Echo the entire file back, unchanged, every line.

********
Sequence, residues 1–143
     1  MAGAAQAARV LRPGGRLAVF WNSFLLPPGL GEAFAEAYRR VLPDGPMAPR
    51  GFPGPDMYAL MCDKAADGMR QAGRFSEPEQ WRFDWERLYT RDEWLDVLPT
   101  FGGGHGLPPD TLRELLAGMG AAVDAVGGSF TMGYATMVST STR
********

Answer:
Sequence, residues 1–143
     1  MAGAAQAARV LRPGGRLAVF WNSFLLPPGL GEAFAEAYRR VLPDGPMAPR
    51  GFPGPDMYAL MCDKAADGMR QAGRFSEPEQ WRFDWERLYT RDEWLDVLPT
   101  FGGGHGLPPD TLRELLAGMG AAVDAVGGSF TMGYATMVST STR